Celebrating National Recycling Week (NRW) from 10-16 November 2014, Planet Ark’s Head of Campaigns, Brad Gray, said:
“It’s surprising that more than half of Australians wrongly believe that aerosol cans can’t be recycled. In fact, they are made from fully recyclable steel or aluminium. Even though many people use aerosols everyday for products like deodorants they still hold on to old ideas. [Planet Ark’s] research shows people report having been told to keep aerosol cans out of the recycling, which is a hangover from the past. Once they are empty it is perfectly safe to put them in the recycling.”
.... and continue to read this webpage to find out more how you can recycle your empty aerosols.
National Recycling Week community service announcement
Each year, Australians use about 11.5 aerosol cans each. Aerosol recycling is well-established in Australia and helps reduce landfill waste and greenhouse emissions.
The majority of councils accept empty* aerosols in their kerbside collection schemes and at waste disposal sites. In fact, around 90% of Australians are able to recycle their empty post-consumer aerosols. To find out if your council accepts aerosols, call them, visit www.recyclingnearyou.com.au, or ring the Recycling Hotline on 1300 733 712.
*To dispose of any full or part-full aerosols, contact your council for details of Household Hazardous Waste collections and drop-off sites in your area (NOTE: only EMPTY aerosols should be placed in your recycling bin!)
Place your empty aerosol cans straight into your recycling bin, along with other aluminium or steel household packaging. Make sure that you do not pierce or squash them!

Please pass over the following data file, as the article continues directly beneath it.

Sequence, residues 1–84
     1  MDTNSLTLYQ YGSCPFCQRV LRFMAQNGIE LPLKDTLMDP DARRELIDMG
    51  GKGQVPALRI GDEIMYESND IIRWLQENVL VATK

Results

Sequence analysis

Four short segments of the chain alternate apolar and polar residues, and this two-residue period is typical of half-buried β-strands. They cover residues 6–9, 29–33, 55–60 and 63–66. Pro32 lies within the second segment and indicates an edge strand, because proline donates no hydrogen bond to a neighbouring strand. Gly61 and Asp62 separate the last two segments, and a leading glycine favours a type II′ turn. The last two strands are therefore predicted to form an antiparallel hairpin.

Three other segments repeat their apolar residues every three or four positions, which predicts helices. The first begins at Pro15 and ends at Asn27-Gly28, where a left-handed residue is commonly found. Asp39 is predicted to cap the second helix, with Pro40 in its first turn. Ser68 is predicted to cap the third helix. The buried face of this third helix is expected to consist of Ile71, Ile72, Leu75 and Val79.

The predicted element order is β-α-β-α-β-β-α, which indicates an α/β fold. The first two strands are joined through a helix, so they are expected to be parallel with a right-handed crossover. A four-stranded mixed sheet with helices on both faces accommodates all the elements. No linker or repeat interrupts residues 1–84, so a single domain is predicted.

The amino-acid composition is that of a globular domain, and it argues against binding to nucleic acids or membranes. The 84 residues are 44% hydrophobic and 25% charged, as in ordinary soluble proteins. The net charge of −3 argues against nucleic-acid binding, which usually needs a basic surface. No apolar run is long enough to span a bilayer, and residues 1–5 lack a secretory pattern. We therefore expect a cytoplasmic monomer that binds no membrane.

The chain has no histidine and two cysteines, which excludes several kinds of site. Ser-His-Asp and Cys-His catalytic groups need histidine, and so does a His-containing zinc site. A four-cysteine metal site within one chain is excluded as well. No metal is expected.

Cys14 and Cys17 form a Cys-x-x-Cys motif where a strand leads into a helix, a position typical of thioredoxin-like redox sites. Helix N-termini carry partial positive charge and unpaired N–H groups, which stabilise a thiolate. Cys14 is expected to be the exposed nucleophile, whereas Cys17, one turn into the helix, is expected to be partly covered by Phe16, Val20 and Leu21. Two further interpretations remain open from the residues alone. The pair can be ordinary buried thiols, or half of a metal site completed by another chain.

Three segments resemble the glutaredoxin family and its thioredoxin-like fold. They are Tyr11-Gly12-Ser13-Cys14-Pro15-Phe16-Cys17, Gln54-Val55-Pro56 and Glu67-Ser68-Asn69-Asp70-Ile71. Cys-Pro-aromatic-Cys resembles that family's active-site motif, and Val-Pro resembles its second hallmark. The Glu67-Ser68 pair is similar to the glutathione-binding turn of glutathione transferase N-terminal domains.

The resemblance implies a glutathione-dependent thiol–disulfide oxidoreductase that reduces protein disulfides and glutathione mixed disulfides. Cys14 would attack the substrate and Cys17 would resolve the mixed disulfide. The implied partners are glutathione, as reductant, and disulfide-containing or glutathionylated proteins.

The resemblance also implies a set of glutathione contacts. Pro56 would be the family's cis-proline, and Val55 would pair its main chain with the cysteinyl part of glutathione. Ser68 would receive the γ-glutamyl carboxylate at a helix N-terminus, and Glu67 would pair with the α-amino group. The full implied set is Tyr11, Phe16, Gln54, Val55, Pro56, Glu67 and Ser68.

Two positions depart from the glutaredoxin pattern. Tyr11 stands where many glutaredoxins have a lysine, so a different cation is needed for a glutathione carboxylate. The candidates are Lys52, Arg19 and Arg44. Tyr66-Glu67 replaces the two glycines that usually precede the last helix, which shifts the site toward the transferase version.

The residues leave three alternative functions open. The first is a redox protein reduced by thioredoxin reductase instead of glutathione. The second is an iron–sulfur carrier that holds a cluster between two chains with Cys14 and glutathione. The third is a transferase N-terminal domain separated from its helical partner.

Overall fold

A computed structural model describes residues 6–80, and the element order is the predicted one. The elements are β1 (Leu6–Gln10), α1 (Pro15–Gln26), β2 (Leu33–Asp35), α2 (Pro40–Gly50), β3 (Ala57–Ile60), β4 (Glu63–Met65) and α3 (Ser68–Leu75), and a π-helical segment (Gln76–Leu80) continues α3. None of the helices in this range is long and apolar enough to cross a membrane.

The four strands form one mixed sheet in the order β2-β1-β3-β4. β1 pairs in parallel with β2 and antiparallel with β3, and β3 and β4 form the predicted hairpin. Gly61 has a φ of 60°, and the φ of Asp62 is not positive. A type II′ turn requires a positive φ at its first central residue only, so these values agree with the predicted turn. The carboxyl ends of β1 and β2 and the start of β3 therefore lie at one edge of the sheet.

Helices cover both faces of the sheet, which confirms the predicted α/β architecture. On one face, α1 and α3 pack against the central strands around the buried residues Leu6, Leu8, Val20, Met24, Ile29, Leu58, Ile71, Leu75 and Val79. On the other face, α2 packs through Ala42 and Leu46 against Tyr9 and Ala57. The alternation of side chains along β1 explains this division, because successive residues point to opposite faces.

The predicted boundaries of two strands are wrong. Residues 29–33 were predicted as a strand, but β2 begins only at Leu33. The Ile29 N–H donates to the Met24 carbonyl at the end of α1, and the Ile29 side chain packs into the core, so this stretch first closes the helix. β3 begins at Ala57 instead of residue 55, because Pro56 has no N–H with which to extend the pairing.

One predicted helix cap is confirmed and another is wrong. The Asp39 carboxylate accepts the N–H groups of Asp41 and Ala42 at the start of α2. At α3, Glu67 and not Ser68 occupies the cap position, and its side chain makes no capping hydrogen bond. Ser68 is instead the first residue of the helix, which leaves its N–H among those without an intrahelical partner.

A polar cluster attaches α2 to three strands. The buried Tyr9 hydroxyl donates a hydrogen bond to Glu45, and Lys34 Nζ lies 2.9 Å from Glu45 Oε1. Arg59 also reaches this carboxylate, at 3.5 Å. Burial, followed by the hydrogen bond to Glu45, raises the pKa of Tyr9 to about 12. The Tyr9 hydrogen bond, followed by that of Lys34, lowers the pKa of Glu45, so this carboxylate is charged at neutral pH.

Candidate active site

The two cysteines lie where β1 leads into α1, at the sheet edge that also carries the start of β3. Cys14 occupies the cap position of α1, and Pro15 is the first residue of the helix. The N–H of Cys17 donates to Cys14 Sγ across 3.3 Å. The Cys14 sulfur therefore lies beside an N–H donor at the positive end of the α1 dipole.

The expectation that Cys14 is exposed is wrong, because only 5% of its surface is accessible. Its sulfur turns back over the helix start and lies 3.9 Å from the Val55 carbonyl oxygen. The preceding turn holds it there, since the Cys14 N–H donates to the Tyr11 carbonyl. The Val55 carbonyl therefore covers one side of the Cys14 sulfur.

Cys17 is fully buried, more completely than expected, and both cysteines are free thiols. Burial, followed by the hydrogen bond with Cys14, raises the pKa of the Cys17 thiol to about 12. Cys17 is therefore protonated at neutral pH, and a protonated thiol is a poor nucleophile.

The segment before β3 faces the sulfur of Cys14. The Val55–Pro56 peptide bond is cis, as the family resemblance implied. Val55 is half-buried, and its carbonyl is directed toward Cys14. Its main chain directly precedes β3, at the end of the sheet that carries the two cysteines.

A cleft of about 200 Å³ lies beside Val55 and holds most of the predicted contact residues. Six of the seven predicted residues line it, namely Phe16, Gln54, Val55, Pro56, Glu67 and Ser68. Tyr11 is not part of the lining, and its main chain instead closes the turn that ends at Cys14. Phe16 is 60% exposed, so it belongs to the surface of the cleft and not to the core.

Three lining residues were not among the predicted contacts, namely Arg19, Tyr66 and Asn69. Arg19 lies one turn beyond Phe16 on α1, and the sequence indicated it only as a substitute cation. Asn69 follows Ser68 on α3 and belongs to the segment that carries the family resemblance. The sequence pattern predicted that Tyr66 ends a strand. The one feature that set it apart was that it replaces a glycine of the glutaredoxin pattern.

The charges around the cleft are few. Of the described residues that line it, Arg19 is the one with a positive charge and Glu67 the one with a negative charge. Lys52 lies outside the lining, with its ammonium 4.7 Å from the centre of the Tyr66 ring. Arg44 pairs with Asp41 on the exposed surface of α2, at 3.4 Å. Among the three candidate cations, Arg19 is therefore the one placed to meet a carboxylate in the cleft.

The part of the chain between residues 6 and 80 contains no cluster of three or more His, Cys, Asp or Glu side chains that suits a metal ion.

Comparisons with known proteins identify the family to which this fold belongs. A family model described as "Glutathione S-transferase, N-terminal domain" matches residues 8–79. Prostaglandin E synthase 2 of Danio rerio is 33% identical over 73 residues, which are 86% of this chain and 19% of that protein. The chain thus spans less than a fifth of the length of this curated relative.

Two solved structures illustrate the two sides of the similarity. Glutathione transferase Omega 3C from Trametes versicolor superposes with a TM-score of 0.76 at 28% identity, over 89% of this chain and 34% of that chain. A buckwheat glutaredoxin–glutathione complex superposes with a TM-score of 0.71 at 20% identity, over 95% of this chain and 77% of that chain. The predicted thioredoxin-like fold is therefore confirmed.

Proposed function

Most of us are good at recycling kitchen and household aerosols, but don't forget to recycle those empty personal care aerosols that you have thrown away in your bathroom or bedroom bins!
Remember that only empty aerosols should be put in your recycling - here is a helpful video on how to recycle your aerosols!
To dispose of any full or part-full aerosols, contact your council for details of the Household Hazardous Waste collections that it offers (only EMPTY aerosols should be placed in your recycling!)
Check out this helpful video on aerosol recycling - click here.
Recycling needs all the encouragement and support it can get! Research undertaken for the Australian Packaging Covenant Organisation ('APCO') estimates that only around 56% of post-consumer metal packaging (including aerosols) was recovered in 2019-20, with the balance going to landfill. Are you playing your part by recycling your empty aerosols?